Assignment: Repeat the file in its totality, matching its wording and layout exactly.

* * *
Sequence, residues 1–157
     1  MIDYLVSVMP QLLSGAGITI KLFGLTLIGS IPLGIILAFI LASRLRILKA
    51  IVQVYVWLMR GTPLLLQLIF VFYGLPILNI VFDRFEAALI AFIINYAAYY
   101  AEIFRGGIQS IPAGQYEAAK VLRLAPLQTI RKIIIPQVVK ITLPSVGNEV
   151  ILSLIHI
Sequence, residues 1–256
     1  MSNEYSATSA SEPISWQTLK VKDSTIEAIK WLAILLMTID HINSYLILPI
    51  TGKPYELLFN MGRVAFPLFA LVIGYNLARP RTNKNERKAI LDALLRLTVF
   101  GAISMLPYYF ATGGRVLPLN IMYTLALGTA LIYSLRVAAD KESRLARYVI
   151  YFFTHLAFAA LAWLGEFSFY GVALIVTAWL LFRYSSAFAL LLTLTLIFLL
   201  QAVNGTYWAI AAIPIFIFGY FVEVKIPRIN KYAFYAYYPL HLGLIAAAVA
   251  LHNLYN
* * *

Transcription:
Sequence, residues 1–157
     1  MIDYLVSVMP QLLSGAGITI KLFGLTLIGS IPLGIILAFI LASRLRILKA
    51  IVQVYVWLMR GTPLLLQLIF VFYGLPILNI VFDRFEAALI AFIINYAAYY
   101  AEIFRGGIQS IPAGQYEAAK VLRLAPLQTI RKIIIPQVVK ITLPSVGNEV
   151  ILSLIHI
Sequence, residues 1–256
     1  MSNEYSATSA SEPISWQTLK VKDSTIEAIK WLAILLMTID HINSYLILPI
    51  TGKPYELLFN MGRVAFPLFA LVIGYNLARP RTNKNERKAI LDALLRLTVF
   101  GAISMLPYYF ATGGRVLPLN IMYTLALGTA LIYSLRVAAD KESRLARYVI
   151  YFFTHLAFAA LAWLGEFSFY GVALIVTAWL LFRYSSAFAL LLTLTLIFLL
   201  QAVNGTYWAI AAIPIFIFGY FVEVKIPRIN KYAFYAYYPL HLGLIAAAVA
   251  LHNLYN